These Software Engineers are highest in demand in Nigeria – Devcenter report

software engineers

In their usual annual ritual of releasing very important statistics about software engineers and the software engineering market in Nigeria, Devcenter has again, released a 2019 report on the ‘state of code jobs’ in the country.

Like previous others, the report was rich in stats pulled from over 3000 software developers in Nigeria

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According to the developer community, this report was created to help software engineers understand what employers want. It provides a far better insight into the trends surrounding software engineering as a career path in Nigeria.

Let’s take a look into some of the talking points in the report:

Backend Engineers rush

Devcenter reports that about One-third (31%) of jobs on Gigson asked for back-end software engineers. Gigson is a Devcenter service that helps companies hire the best developers. Hence, safe to assume their access to data.

Front-end software engineers followed this demand by 24%, full-stack developers were 20% of all jobs while mobile developers made up 22%. Others settled at a meager 3%.

Comparing this with the 2017 report, there’s not much of a surprise as backend programming languages have been generally more popular than frontend. This is asides JavaScript which comes in handy for both purposes.

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nigeria software engineers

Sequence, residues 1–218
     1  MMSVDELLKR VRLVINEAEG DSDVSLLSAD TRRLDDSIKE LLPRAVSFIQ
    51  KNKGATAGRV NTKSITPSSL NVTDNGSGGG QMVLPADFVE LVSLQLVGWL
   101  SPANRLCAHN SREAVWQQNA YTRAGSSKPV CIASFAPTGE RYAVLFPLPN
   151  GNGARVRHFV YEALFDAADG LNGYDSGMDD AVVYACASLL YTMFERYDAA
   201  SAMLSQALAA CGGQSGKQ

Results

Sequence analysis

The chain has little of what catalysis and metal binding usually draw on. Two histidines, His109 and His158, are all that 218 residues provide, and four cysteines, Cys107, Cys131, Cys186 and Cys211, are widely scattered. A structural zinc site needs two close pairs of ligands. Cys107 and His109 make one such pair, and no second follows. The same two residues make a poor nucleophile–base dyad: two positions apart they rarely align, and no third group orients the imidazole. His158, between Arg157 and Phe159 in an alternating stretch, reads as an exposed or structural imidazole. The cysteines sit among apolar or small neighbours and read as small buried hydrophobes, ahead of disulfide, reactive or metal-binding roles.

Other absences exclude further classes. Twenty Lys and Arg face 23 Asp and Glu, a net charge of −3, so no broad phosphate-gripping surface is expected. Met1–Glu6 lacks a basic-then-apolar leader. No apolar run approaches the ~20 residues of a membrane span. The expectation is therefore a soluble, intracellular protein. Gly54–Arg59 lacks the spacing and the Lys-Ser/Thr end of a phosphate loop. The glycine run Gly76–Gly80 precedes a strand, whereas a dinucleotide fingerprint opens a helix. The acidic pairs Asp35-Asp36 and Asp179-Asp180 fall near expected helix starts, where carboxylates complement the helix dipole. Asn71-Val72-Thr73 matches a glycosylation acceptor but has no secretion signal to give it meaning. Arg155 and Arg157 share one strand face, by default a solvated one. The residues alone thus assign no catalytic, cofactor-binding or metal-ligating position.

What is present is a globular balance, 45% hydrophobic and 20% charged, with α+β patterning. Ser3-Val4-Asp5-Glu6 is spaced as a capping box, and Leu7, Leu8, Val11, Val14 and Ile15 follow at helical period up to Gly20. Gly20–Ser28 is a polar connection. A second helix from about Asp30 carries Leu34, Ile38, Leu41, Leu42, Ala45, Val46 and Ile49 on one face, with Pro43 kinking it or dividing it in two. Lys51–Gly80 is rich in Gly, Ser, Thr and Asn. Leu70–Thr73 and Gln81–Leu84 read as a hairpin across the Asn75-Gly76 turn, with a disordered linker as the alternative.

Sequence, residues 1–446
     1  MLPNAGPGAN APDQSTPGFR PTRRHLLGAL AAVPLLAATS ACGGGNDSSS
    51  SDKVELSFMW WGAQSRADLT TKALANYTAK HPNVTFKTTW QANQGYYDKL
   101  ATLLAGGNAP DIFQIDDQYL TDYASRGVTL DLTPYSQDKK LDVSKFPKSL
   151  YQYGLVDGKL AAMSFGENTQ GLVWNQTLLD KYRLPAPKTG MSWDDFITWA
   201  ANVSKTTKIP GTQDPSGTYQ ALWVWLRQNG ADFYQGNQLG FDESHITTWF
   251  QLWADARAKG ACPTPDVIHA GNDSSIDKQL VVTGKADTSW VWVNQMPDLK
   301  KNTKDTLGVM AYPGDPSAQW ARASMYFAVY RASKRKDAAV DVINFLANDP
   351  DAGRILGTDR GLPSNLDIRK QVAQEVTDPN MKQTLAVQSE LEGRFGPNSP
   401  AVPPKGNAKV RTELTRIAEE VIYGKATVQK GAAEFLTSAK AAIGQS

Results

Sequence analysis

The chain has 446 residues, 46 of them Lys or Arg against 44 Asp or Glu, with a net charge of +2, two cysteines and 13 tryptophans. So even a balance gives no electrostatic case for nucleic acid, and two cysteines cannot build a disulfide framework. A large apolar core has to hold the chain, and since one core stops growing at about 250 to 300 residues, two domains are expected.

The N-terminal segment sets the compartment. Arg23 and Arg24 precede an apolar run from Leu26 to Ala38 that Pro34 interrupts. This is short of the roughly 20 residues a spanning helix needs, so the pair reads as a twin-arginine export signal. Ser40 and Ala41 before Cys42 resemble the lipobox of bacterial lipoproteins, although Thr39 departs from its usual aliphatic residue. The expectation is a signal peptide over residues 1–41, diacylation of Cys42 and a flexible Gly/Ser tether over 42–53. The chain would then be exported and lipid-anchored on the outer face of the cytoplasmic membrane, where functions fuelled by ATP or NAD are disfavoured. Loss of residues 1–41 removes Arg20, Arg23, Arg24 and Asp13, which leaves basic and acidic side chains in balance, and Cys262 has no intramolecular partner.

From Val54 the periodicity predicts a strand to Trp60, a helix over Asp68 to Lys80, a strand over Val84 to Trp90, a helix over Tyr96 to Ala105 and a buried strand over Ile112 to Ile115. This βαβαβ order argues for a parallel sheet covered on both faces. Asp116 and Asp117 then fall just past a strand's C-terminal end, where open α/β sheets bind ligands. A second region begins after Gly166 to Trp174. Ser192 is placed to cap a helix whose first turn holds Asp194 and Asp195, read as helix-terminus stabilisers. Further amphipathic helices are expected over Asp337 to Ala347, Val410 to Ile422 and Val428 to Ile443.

Employer’s obsession with physical work

From this report, fully remote jobs in Nigeria take up 9% of all postings they stacked, 14% were remote-friendly while 56% are full-time, physical jobs. 

The report rightly points out that these are due to concerns about electricity and stable internet connectivity. “Employers are insisting they want software development staff on-premises. 2% of the jobs were part-time.”

While there’s the issue of resources to make remote work, work, it also looks like employers are generally obsessed with physical work. 

It is imperative to note the imbalance in all of these. From Devcenter’s 2017 report, 79% of developers want to work remotely. 26% of them already did. Hence, it is expected that more Nigerian software engineers look outside the shores of the country for greener pastures in terms of finance and ease of work (remote work).

All for Mid-level software engineers

Some weeks back, Andela laid off a large chunk of junior developers, over 400. Jeremy Johnson, CEO Andela had this to say about the incident:

“We’ve seen shifts in the market and what our customers are looking for.. towards more experienced engineers.”

This is in sync with the Devcenter reports as Mid-level developer roles make up 63% of all jobs, while 10% are for junior developers. Senior developer roles are 27% of jobs.

The state of code jobs by Devcenter packs more insights about the software developer market in Nigeria.

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Visit this page to see more insights and download the report.


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